Opinion

Countywide burn ban proposed

By AMELIA HEAGERTY

Staff reporter

Burning yard debris and building material scraps outdoors may soon be illegal on Vashon.

Currently, residential outdoor burning is illegal in cities and urban growth areas in King, Pierce and Snohomish counties. But a proposed burn ban would bring rural areas like Vashon in line with cities and suburbs, outlawing outdoor brush and debris burning in 2010.

Puget Sound Clean Air Agency, with the counties involved, found there are enough alternatives to burning in all areas, making outdoor land-clearing burning unnecessary.

The health effects of outdoor burnings are well-documented: The smoke contains tiny carcinogenic particles that are detrimental to everyone’s health, especially children and elderly people. Over time, the smoke causes and worsens respiratory problems, and even one whiff of it can trigger an asthma attack.

Alternatives to burning unwanted natural debris on Vashon are limited compared to cities and suburbs, many of which have curbside yard waste pickup programs.

Some Islanders have championed brush piles: Drag all the unwanted yard waste into a out-of-the-way corner, make a pile, and leave it there. These unkempt but animal-friendly piles decompose naturally.

“Fires do us no good environmentally and we’re losing the chance to have a brush pile that long-term actually does some good,” said Islander Jack Stewart, who is a member of the Forest Stewards. He said he has brush piles on his own property and does not consider them eyesores.

“I keep piling stuff on them and piling stuff on them and they don’t get any bigger because the stuff on the bottom keeps on rotting back into the earth,” Stewart said. “I dump a pile of leaves I don’t want in my garden on the pile and then I leave it. It seems easier than burning.”

And The Dirt Yard is another alternative to incinerating leaves in autumn. It accepts pickup truck loads of yard debris at $15 a pop, said Dirt Yard owner Dennis Didricksen.

“In the city they can take all the wood material to pulp mills and get paid for it,” he said. But on Vashon there are two options: the dump or The Dirt Yard, which grinds down yard debris into wood chips that Islanders then buy for their yards.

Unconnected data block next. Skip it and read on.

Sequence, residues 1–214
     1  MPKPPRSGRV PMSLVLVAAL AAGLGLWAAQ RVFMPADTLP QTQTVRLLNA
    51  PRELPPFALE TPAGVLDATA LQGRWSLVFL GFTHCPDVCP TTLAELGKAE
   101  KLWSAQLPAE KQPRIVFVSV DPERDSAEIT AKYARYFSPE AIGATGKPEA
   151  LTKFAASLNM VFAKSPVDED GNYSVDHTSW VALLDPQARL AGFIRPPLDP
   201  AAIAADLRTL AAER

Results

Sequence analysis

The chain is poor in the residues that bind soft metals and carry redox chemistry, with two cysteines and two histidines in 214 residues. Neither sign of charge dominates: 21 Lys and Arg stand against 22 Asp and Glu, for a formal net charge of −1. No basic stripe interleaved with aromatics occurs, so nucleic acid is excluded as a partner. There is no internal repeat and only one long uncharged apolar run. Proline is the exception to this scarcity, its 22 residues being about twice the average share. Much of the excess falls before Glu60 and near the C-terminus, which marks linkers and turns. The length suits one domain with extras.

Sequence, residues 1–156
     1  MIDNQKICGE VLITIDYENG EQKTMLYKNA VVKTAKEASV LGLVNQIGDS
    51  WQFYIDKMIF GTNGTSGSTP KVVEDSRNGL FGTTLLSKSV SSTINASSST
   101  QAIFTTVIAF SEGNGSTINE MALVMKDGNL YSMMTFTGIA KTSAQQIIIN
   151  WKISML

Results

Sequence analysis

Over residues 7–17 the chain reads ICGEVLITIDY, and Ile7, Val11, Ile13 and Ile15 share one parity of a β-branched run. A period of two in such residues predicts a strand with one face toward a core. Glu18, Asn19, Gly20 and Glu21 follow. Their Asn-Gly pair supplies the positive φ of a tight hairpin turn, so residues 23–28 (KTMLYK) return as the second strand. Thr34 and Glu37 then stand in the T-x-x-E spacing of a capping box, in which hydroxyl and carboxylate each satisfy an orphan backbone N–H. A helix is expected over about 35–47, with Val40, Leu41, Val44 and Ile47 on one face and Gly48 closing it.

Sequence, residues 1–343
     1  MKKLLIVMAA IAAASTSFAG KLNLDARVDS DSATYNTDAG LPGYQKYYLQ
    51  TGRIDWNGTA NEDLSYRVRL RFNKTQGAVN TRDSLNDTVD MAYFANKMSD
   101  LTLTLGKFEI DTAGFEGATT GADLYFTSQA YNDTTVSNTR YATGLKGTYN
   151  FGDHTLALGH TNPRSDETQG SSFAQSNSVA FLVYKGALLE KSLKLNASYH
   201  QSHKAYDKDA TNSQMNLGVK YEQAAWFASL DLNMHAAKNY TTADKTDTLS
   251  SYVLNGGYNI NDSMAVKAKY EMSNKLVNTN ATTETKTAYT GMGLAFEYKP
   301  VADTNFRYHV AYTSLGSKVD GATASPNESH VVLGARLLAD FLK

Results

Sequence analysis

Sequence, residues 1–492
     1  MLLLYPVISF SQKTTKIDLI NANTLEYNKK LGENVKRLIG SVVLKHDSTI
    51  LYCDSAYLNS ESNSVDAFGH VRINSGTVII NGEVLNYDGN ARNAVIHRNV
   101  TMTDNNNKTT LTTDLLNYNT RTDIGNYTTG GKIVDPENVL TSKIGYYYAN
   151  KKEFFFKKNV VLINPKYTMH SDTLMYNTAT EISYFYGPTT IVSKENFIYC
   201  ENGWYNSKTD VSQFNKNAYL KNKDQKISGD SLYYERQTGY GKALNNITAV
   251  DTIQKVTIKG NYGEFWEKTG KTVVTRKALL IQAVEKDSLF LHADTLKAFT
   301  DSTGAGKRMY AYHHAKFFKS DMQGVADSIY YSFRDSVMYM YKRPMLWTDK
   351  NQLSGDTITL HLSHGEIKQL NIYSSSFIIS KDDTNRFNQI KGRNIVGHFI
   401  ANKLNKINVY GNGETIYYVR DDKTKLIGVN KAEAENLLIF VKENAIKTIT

The only other alternative is much less Earth-friendly: taking a load of biodegradable waste to the dump for $90 a ton, Didricksen said.

The three-county wide burn ban would be the first of its kind, and proponents said they’ll herald its arrival.

“2010 can’t come soon enough,” said Sara Van Fleet, an Islander who led a campaign in her neighborhood earlier this year to stamp out yard waste burning. “It’s a serious problem, and I’m delighted there are people working on this further.”

There are some who have balked at past proposals and likely bristle at this proposed ban as well. None were available for comment. But several Islanders spoke out, explaining why the ban is a good idea.

“I don’t know why a guy living on Vashon should be different than a guy living in Seattle,” said Bill Ameling, Vashon Park District commissioner. “It’s the same old Vashon thing: I want to live out in the country and I want my city amenities, my (yard waste service). It doesn’t work like that.”

Stewart, who builds homes on the Island, said he was driven from a job site multiple times by the smoke from an adjoining property’s fires.

“On beautiful spring days, which are crisp and fine, you get people smoking up the air,” he said. “I think the general population’s right to good clean air totally trumps somebody’s right to make unnecessary fires.”

Recreational, agricultural and fire training burning will not be affected by the proposed ban, and neither will emergency debris burning with a permit following a flood or storm.

“As long as you can do a little recreational burning,” Ameling said. “But then its up to you to prove its recreational, I guess you could be having a good time burning your yard waste.”

The Puget Sound Clean Air Agency will hold a public hearing on the proposed burn ban at 9:15 a.m. Thursday, Feb. 28, at the Seattle Public Library’s Microsoft Auditorium at 1000 Fourth Ave.

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